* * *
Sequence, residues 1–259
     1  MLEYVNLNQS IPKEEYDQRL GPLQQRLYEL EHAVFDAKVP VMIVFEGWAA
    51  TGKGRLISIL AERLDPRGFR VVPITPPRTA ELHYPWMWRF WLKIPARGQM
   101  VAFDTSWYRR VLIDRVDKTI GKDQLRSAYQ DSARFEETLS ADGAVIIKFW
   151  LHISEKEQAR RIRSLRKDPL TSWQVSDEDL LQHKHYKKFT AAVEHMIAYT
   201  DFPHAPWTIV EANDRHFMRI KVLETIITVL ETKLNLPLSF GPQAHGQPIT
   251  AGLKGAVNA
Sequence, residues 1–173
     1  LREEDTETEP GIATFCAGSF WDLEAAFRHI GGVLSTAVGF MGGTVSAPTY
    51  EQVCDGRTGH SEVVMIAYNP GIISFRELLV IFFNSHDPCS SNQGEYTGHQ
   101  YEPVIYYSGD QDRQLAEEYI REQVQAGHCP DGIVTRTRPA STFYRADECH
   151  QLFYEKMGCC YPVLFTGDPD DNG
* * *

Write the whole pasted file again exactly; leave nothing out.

Sequence, residues 1–259
     1  MLEYVNLNQS IPKEEYDQRL GPLQQRLYEL EHAVFDAKVP VMIVFEGWAA
    51  TGKGRLISIL AERLDPRGFR VVPITPPRTA ELHYPWMWRF WLKIPARGQM
   101  VAFDTSWYRR VLIDRVDKTI GKDQLRSAYQ DSARFEETLS ADGAVIIKFW
   151  LHISEKEQAR RIRSLRKDPL TSWQVSDEDL LQHKHYKKFT AAVEHMIAYT
   201  DFPHAPWTIV EANDRHFMRI KVLETIITVL ETKLNLPLSF GPQAHGQPIT
   251  AGLKGAVNA
Sequence, residues 1–173
     1  LREEDTETEP GIATFCAGSF WDLEAAFRHI GGVLSTAVGF MGGTVSAPTY
    51  EQVCDGRTGH SEVVMIAYNP GIISFRELLV IFFNSHDPCS SNQGEYTGHQ
   101  YEPVIYYSGD QDRQLAEEYI REQVQAGHCP DGIVTRTRPA STFYRADECH
   151  QLFYEKMGCC YPVLFTGDPD DNG